Medtech regulation

Medtech – Reconciling Regulation and Innovation Efforts

Medtech is one of the fastest-growing technology fields, and also one of the most regulated. In the past two years alone, it has grown by 235 percent, developing a broad range of innovations and technologies – in the areas of personalized medicine, algorithm-aided diagnostics, augmented reality, and self-driven healthcare – aimed at improving health and ensuring more equitable, easy, and distributed access to patient care. This proliferation of medical technology has been accompanied by regulatory measures, standards, requirements, and processes to ensure that patients’ safety always remains at the forefront.

According to AND Technology Research CEO Nicole Thorn, the tension between agile technology development and stringent regulation will continue to grow in the future unless a new approach is developed. On the one hand, iterative and dynamic approaches to development are proven to result in better technology. On the other hand, however, a lack of strict regulation in medtech can open the door for under-tested and under-managed systems, devices, and products that can be dangerous and harm patients.

Thorn suggests that regulatory compliance geared toward patient safety could be better aligned with the aim of agile medical innovation by focusing on three areas. The first is to ensure that auditing bodies and regulatory consultants are given better guidance to enable engineering teams to easily combine compliance standards and agile development processes. This would help reduce innovators’ confusion when faced with a cascade of regulations and long lists of product requirements, and allow them to proceed smoothly through all stages of development.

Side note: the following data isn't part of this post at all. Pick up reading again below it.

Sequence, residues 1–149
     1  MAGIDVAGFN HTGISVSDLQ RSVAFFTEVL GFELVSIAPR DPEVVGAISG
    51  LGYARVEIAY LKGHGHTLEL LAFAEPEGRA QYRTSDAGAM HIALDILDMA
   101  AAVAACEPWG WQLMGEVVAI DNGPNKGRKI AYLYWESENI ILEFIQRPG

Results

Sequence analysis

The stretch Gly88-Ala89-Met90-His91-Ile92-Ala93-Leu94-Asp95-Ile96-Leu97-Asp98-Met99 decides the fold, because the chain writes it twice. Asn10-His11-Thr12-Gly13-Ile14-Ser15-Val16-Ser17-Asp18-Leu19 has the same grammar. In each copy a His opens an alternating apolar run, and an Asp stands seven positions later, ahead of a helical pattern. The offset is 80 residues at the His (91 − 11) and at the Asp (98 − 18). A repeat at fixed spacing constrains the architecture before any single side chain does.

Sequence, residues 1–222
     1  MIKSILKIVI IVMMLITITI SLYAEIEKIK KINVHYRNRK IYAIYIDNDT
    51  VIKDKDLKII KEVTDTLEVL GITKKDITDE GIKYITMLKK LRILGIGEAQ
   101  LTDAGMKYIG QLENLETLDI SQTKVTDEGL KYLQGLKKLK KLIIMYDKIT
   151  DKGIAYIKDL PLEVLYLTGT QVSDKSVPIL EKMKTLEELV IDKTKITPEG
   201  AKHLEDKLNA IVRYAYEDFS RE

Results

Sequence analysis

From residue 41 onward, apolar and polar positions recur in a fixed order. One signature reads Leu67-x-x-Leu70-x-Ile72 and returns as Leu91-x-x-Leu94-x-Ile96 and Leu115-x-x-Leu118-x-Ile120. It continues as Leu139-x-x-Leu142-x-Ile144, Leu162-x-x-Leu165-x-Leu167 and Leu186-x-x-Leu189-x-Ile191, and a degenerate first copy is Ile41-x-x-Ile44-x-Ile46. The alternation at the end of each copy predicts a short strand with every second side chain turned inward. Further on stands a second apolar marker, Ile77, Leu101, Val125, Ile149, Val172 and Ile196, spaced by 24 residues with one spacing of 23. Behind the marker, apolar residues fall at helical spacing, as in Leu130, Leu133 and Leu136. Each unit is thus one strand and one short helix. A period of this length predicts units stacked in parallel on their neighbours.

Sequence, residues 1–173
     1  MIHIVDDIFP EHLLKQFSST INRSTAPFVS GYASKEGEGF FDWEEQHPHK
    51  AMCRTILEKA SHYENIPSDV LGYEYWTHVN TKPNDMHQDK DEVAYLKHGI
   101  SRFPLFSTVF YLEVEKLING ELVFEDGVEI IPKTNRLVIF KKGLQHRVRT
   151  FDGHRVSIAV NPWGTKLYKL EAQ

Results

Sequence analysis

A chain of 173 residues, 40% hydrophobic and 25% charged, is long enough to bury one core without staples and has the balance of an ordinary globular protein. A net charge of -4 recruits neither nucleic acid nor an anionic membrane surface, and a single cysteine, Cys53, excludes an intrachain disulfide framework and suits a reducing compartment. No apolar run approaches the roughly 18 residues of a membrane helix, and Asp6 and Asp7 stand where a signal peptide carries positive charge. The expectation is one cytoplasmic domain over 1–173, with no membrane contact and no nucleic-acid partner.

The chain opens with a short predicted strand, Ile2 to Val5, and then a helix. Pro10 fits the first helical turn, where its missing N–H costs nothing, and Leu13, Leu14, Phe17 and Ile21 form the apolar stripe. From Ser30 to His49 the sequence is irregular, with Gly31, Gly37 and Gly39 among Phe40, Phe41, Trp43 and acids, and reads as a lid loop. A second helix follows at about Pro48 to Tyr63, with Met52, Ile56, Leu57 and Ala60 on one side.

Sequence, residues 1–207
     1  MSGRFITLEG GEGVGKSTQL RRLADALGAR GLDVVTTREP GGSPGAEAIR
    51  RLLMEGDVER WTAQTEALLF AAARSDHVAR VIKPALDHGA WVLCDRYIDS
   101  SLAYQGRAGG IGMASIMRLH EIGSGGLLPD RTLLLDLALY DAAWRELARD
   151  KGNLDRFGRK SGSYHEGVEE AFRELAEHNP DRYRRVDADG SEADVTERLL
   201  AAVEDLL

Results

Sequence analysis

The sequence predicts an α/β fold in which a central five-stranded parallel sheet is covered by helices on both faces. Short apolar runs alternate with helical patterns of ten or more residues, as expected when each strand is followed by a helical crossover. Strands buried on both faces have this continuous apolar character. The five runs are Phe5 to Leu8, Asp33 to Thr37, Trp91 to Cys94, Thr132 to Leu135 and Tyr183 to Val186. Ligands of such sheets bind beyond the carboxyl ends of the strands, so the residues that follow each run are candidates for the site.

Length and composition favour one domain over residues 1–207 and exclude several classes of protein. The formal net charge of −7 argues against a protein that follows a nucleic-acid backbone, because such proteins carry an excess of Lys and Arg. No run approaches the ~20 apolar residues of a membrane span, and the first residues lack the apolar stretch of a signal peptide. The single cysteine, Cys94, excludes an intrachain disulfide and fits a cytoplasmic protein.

The second suggested area of focus is to leverage technologies to help innovators better understand the requirements. To this end, electronic quality management systems can be employed, although they can be expensive and require special expertise. Decision support algorithms, classification algorithms, natural processing language, and visualization tools are some of the technologies that can support companies in generating documentation, tracking testing, and assembling evidence of compliance.

Finally, Thorn suggests consolidating information sources in one place, as far as possible, to help innovators find information such as relevant contacts of bodies and authorities, submission requirements, ethical approvals, and so on more quickly.

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